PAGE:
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« Reply #1686 on: March 16, 2013 05:05:09 AM »

agreed - anyone know where to find plastic/resin plugs that are able to be filled/coated/etc with resin? Plug blanks or molds etc? for ear gauges i mean...

Pour yourself a drink, put on some lipstick, and pull yourself together.

« Reply #1687 on: June 01, 2013 11:50:02 AM »

I ALWAYS get just the tiniest bit of dust or something on my resin, no matter what I do. It will be PERFECT, then while it dries, something falls into it. Even if I check it every hour for a couple of hours, then finally decide it looks good enough to leave alone til dried, it always ends up with some kind of debris on top! And I keep them covered!  I see resin items all the time that are perfectly beautiful, and it frustrates me that I have not turned out ONE perfect resin item! And I have made over 100 items!

Is there any way to remove a dust particle or air bubble in cured resin? I know the only thing that really "melts" resin is acetone, so would pouring a little acetone on the top and letting just the very top melt work? or is that going to leave a gloppy mess?  What about pouring another layer of resin over it? Would that hide the debris? Or will it just show right through?

THANKS! Smiley
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« Reply #1688 on: June 01, 2013 12:22:44 PM »

What are you covering your resin WITH, and HOW? 

Some things will be made from materials that can shed little bits which can get onto the resin.

Are you covering the entire mold and resin, or just covering the resin areas?

When are you covering?...right away, or later?

What kind of area are you using for curing?...and area with lots of dust or lots of air circulation?

Try covering the mold with something larger than it is (width, length, height), like a Tupperware bottom or large cardboard box, or even a dome of aluminum foil.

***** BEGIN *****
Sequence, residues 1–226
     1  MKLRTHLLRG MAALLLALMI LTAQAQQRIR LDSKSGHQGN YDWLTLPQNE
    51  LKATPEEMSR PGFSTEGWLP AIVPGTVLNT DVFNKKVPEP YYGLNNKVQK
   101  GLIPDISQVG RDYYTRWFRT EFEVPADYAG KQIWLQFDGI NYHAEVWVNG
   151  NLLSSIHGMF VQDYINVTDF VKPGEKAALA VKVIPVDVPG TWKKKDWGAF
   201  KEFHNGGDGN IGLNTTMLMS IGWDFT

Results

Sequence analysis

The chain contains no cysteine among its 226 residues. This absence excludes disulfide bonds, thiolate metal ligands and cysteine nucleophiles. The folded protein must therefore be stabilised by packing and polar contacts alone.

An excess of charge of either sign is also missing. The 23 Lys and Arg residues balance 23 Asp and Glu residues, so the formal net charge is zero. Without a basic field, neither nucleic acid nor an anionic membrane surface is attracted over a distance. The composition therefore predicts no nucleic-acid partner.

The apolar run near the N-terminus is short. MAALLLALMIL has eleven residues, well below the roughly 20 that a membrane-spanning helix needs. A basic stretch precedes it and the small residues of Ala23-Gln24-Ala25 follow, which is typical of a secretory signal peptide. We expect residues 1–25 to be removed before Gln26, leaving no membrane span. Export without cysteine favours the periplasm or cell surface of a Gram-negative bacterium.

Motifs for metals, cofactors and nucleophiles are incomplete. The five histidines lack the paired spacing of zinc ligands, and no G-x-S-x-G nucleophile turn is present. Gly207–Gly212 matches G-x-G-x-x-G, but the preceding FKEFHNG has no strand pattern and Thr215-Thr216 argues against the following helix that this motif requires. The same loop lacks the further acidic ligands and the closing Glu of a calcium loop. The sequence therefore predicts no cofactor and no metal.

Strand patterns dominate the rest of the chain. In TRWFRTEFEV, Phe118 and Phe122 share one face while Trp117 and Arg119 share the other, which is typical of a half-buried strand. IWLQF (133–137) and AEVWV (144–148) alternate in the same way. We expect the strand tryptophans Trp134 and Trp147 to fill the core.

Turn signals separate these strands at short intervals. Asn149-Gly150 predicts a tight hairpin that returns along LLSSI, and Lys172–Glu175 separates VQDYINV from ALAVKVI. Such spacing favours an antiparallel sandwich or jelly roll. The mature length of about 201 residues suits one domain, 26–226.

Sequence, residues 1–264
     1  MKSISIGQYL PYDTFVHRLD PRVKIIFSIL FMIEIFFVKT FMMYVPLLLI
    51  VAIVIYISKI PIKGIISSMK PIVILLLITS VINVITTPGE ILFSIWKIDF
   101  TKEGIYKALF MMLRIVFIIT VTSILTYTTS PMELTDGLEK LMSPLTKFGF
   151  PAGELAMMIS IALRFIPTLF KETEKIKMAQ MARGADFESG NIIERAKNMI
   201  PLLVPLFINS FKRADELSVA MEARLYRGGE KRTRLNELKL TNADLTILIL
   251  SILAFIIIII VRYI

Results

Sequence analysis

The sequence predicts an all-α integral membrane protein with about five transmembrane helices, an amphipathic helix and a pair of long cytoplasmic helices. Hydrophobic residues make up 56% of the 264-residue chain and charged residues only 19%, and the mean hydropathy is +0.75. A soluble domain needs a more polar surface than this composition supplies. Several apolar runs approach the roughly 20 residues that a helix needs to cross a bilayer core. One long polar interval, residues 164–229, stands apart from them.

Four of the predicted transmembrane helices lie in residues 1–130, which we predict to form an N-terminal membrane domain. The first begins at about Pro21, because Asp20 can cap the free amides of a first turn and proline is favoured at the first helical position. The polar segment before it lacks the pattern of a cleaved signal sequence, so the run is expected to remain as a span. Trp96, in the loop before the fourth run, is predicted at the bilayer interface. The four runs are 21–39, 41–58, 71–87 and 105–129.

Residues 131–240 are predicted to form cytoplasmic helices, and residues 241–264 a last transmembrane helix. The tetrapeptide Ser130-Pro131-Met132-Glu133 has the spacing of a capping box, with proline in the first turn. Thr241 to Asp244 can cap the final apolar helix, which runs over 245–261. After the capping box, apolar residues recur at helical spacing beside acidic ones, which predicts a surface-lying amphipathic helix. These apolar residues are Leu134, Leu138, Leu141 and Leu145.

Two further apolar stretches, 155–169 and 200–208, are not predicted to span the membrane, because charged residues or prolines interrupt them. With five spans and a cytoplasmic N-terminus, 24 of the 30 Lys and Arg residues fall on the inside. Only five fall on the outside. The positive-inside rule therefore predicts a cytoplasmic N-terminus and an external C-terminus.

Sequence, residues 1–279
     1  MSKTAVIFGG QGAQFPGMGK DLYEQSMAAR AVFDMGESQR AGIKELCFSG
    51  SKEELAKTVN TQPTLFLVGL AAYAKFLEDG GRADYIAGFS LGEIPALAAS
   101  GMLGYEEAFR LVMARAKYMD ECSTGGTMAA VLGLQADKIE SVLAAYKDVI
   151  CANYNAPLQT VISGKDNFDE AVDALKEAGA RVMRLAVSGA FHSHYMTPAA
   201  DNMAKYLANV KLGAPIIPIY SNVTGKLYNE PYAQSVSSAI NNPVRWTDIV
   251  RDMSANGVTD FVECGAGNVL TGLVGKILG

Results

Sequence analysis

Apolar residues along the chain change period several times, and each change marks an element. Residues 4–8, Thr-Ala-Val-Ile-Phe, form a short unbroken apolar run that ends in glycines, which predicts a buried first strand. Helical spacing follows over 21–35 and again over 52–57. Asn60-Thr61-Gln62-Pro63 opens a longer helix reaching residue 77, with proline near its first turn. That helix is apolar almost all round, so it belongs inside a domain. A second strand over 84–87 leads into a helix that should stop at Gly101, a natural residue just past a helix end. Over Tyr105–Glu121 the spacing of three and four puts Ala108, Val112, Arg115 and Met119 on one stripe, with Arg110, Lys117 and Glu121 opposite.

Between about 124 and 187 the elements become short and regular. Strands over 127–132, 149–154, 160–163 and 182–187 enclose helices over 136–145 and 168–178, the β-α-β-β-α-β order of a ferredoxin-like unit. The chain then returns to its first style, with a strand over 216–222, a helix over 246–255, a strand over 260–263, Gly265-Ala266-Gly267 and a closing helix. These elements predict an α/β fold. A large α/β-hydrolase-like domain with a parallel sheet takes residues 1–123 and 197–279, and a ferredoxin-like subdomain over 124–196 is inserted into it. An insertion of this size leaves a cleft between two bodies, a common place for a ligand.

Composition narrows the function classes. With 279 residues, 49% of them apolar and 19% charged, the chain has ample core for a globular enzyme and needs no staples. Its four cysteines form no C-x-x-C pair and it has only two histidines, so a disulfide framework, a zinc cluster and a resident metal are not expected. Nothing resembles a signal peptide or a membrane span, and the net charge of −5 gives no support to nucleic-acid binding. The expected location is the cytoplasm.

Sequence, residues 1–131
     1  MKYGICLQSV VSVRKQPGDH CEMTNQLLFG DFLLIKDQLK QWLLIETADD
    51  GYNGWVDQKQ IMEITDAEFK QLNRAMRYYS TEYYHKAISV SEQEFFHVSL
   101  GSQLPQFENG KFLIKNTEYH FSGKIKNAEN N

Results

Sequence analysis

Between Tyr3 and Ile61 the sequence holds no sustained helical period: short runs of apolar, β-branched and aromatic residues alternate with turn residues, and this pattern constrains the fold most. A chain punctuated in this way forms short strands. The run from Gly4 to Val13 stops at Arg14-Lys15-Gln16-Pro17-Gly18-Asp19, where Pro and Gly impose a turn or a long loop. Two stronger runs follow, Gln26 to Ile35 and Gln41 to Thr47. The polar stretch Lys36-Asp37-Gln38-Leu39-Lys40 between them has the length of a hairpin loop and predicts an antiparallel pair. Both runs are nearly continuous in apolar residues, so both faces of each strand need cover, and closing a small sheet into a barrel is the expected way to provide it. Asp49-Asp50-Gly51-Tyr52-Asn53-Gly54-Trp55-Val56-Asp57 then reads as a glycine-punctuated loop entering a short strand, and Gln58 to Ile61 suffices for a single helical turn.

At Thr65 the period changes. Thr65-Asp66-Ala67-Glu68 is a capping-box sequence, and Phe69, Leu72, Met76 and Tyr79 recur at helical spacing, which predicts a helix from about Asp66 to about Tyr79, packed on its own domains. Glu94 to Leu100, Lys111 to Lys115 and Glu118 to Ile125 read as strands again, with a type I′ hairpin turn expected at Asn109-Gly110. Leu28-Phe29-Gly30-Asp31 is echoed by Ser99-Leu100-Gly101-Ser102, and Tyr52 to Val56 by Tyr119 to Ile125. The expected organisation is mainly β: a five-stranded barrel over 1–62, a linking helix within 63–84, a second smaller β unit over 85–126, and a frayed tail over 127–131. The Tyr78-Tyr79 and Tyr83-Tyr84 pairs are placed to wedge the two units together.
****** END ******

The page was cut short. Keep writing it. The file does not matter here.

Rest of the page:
Do that right away, and preferably in a room that isn't in a drafty or dusty place (and where the temp is in the right range for curing resin).

(To remove any dust or other particles, you'd need to sand down far enough to remove them, then polish the resin and/or coat it with clear polyurethane or a coat of epoxy resin. Sanding cured resin isn't easy though.  If you just added a coat of polyurethane or epoxy resin over your original resin-with-particles, they'd still show up.)

few of my photos
(had to move them from YahooPhotos, so many now without captions)
« Reply #1689 on: June 01, 2013 12:36:52 PM »

I cover the whole item. Usually with a plastic cup. Always something bigger than the item.

I always cover it right away. Then I check on it once or twice during curing to make sure nothing has landed on it.

I have several places I do my resin. I have a small office, but there is not much ventilation there and I am overpowered by fumes.  Usually it is my basment. A large airy space so that I don't suffocate. It is not dusty at all. Not that you can see with the naked eye anyway.

What would I use to sand down the resin? Sandpaper? Or is there something specific for resin sanding? I have no problem doing the extra work to sand it down. It is a lot better than starting all over! Most of my projects have paper as the base, so when I soak the resin off the pendant, I also lose my paper or photo.